Monday, May 25, 2009

No, Not the Actor

© 2007 David Minor / Eagles Byte

Just across the river from West Point lie the two settlements of Nelsonville and Marysville, to be incorporated in 1846 as Cold Spring. Being home to West Point Foundry, there’s always something going on. This year several buildings are going up, including Our Lady Chapel, to be used for workers’ worship services, and another structure to used for educating the foundry’s apprentices and the children of the workers.

But the big excitement is a project nearing completion this August as John Fowler steams by, a project that will help revolutionize travel (this IS a revolutionary river valley after all). Finishing touches are being applied, as The Best Friend of Charleston is completed. The four-and-a-half-ton locomotive with four drive wheels connected by outer rods to the vertical boiler, ordered by South Carolina businessman E. L. Miller, is ready to move out. Two months from now it will be shipped by the steamboat Niagara for eventual use on the Charleston and Hamburg Railroad. By the coming winter it will be making regular runs from Charleston, inland to Hamburg (near the Atlanta, Georgia, area). Atlanta will handle the commercial competition handily, as you might surmise.

A short way north of West Point, just beyond the looming Storm King Mountain, lies the village of Cornwall, where construction of a Methodist Church is taking place on a hill that will later overlook the town hall.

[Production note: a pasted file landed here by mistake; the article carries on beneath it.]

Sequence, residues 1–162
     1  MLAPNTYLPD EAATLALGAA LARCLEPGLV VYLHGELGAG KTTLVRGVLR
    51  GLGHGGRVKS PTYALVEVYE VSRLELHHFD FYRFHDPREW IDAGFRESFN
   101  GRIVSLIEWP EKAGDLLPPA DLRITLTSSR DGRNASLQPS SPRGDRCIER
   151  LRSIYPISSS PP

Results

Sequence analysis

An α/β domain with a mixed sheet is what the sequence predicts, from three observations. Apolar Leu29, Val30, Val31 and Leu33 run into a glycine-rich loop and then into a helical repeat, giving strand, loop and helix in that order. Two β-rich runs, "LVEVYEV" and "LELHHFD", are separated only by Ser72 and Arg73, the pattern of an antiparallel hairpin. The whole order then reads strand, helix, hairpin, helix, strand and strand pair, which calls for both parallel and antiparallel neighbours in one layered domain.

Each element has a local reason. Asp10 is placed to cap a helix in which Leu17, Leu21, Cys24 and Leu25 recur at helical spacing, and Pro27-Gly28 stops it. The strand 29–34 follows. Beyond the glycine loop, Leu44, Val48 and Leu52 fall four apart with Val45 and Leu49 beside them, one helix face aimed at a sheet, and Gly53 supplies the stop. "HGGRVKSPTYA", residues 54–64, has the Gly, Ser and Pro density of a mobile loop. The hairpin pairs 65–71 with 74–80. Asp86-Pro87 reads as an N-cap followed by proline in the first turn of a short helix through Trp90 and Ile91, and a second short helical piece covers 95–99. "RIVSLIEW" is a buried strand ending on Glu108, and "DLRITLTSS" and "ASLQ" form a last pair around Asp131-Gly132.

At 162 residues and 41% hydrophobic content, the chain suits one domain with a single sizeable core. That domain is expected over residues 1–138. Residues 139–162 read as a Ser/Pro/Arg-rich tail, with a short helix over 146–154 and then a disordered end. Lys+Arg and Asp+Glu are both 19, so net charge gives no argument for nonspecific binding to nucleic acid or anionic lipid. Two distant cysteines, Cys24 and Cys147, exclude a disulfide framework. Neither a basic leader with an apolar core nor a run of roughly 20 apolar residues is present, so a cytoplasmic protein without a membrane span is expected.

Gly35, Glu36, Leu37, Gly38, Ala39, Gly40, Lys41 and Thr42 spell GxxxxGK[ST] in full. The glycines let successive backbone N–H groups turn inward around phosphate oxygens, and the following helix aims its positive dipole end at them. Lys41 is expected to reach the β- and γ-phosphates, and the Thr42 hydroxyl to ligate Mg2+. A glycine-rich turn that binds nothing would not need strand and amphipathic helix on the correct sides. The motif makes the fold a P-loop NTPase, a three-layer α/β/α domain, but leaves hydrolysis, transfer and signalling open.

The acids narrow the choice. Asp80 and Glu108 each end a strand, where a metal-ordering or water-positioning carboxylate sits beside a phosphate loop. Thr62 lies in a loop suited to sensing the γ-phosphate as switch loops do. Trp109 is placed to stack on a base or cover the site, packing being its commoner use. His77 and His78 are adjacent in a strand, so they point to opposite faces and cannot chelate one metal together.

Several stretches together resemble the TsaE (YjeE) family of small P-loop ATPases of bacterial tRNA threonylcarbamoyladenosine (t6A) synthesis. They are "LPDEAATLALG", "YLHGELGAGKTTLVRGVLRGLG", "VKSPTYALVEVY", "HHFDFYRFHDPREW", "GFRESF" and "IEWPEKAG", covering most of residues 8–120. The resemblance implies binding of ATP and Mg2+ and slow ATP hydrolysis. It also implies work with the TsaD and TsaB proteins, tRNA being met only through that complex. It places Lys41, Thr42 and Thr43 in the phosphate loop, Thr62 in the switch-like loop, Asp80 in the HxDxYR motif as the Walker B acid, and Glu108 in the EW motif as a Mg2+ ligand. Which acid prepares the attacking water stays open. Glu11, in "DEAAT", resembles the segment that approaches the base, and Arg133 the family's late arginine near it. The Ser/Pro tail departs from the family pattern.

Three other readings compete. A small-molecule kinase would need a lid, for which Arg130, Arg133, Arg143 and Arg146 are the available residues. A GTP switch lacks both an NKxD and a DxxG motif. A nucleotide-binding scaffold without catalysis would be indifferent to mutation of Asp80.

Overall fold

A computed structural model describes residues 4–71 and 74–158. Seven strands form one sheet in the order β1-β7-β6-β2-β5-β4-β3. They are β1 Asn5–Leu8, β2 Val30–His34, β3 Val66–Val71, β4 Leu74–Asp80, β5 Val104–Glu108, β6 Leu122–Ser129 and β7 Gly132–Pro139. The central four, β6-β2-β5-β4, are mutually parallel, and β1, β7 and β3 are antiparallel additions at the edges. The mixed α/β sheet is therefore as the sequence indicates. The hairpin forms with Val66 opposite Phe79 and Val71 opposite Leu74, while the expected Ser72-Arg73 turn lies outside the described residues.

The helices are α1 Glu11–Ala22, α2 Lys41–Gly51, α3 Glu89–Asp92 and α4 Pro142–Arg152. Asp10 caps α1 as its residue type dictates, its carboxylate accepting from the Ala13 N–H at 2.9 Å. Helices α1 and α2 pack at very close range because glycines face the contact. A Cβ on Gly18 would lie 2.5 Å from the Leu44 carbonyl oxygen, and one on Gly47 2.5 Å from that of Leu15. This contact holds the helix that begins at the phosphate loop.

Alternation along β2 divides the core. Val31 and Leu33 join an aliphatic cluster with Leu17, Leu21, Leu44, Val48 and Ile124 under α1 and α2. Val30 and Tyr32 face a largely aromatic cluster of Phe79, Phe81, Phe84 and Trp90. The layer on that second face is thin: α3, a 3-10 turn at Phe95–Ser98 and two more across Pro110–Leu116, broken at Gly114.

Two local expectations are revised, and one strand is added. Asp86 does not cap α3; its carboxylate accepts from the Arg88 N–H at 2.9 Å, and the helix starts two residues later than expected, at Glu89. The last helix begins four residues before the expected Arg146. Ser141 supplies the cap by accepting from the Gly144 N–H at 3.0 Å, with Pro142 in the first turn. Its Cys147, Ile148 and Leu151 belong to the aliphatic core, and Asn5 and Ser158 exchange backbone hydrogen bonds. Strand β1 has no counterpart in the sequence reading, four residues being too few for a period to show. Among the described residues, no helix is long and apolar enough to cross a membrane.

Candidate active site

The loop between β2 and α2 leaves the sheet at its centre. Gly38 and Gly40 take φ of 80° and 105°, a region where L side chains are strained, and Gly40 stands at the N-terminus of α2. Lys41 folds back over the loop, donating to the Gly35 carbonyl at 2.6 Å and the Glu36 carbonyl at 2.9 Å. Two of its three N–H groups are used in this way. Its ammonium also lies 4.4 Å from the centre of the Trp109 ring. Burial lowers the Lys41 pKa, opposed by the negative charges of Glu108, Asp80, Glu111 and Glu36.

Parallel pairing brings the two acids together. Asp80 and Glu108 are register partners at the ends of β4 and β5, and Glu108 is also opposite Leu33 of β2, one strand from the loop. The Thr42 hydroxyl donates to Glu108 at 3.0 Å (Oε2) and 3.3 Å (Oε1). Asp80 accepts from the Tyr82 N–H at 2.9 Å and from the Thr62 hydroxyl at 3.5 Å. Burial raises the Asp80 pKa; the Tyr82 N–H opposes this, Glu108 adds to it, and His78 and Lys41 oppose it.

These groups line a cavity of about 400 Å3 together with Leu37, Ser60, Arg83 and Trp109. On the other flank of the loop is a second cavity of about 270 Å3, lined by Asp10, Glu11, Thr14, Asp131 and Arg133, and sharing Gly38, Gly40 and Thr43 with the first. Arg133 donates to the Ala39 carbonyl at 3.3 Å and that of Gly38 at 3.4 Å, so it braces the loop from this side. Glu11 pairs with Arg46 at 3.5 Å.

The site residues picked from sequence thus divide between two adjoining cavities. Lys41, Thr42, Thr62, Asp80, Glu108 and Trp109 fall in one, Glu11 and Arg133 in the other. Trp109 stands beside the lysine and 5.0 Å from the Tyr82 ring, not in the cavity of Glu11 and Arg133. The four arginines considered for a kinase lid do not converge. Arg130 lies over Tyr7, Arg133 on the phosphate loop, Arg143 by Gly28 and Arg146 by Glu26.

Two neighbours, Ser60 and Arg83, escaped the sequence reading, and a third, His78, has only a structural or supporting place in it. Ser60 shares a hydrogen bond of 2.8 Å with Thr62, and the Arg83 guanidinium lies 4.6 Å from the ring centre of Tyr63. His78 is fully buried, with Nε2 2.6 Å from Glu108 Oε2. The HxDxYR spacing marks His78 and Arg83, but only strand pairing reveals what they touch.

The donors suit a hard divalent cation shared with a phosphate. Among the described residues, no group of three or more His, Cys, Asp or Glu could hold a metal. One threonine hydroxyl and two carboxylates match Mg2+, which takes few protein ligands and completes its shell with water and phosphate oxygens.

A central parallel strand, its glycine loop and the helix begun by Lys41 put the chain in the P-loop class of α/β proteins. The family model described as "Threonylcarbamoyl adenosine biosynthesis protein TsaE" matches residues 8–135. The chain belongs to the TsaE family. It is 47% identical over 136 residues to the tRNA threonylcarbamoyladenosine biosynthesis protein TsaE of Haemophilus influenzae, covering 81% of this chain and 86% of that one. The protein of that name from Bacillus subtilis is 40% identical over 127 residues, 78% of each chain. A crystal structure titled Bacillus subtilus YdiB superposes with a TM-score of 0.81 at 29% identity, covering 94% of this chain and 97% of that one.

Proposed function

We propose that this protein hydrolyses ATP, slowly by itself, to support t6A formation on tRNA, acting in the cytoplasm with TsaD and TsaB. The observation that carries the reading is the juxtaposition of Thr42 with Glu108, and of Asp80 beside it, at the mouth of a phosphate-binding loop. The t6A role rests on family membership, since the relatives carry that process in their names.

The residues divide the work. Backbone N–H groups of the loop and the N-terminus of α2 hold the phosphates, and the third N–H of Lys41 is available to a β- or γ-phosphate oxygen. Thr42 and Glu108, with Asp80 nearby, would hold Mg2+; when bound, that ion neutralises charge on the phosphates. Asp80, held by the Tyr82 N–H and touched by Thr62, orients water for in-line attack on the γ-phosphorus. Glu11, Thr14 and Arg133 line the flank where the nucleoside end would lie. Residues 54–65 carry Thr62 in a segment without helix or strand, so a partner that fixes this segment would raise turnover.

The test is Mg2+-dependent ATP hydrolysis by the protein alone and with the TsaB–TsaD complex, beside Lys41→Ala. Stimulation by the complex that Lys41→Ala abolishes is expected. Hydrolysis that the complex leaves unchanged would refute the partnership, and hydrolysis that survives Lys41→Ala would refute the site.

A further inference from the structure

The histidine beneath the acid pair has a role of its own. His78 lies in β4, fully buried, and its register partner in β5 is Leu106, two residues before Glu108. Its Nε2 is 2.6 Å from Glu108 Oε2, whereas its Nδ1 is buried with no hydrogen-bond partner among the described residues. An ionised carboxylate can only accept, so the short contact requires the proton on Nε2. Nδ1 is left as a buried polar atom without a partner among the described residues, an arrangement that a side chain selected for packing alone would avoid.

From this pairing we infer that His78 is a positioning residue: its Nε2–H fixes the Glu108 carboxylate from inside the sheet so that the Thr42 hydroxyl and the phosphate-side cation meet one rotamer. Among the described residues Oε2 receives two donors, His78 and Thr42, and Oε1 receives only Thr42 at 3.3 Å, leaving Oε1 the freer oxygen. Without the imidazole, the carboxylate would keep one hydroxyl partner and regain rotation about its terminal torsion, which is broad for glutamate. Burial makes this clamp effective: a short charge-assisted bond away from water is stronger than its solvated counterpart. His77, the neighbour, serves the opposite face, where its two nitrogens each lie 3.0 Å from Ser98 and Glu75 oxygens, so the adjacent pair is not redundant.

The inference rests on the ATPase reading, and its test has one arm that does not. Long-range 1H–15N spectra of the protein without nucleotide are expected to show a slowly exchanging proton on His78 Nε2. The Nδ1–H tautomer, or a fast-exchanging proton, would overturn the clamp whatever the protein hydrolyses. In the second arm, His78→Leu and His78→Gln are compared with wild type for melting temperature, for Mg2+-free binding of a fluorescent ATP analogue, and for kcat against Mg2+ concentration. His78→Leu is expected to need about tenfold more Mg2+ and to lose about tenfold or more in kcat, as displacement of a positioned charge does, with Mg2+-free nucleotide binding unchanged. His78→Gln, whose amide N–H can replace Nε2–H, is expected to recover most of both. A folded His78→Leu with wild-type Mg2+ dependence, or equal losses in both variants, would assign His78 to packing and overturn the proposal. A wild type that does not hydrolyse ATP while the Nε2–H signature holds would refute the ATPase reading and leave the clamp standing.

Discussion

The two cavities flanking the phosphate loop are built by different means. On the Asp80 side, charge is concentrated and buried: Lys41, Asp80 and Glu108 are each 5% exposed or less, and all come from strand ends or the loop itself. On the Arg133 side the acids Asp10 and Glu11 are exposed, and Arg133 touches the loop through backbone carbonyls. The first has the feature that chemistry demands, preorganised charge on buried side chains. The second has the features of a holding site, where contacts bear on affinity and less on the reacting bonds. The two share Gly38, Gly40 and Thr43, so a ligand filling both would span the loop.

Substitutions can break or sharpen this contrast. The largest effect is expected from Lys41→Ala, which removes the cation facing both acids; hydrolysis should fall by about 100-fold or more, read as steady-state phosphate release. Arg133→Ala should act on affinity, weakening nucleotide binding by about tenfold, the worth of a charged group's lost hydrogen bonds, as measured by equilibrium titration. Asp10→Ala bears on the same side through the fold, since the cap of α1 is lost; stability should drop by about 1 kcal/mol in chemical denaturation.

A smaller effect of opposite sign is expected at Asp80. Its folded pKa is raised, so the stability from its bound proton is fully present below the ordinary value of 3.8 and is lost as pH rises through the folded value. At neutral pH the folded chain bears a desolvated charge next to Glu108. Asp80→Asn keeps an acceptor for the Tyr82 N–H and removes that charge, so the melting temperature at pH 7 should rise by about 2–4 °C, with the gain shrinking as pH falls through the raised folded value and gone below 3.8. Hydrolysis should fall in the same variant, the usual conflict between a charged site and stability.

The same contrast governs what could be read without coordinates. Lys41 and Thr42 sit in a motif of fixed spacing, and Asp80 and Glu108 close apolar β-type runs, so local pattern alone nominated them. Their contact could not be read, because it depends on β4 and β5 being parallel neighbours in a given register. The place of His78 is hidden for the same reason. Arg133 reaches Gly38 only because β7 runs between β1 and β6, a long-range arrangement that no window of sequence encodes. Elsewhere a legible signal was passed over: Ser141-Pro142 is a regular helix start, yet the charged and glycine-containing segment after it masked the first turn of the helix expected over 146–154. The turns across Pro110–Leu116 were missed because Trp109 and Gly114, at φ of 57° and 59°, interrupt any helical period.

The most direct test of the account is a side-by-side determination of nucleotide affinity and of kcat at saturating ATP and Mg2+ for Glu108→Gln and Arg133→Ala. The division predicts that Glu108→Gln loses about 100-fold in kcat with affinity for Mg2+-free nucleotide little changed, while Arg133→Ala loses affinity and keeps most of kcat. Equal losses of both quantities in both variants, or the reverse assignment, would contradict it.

The next pair of villages looking at each other across the river, are Newburgh (on the west side) and Fishkill. Fowler only mentions Newburgh in any detail, probably his vessel put in on that shore of the river. He describes it as an incorporated village of about 600 houses, with a population of close to 4,000. “From its situation it commands an extensive intercourse and trade with the country on the west, and, by means of the Hudson River, with New York.” Although the place has a growing number of manufactories, much of the trade he mentions is due to the shipping industry that’s growing up here on the river. This year the owner of the steamer Baltimore, forwarding merchant Christopher Reeve has taken on a new partner named David Crawford, who is buying a half interest in the vessel. Crawford, who will soon operate an entire fleet of boats from a wharf on Montgomery Street, has started construction of a house here, which can be visited in the 21st century, as the home of Historical Society of Newburgh Bay and the Highlands.

And for those with no talent for making money like Crawford can and does, the village is in the process of building the Orange County Poorhouse, this year of 1830, at a cost of $12,000.

Our other traveler, William Gorgas, stops in at Newburgh also, but he does give a mention to Fishkill, across the river. “where Matteawan factory is situated. This gives employment to 300 persons with 50 looms & 1,000 or 1,500 yard of cotton made out of the wool particularly stripes and gingham per day–From this place there is a fine sloping bank along the river.”

It’s at this point in the river that Fowler decides to take a break and detour inland for a while. Until next time . . .

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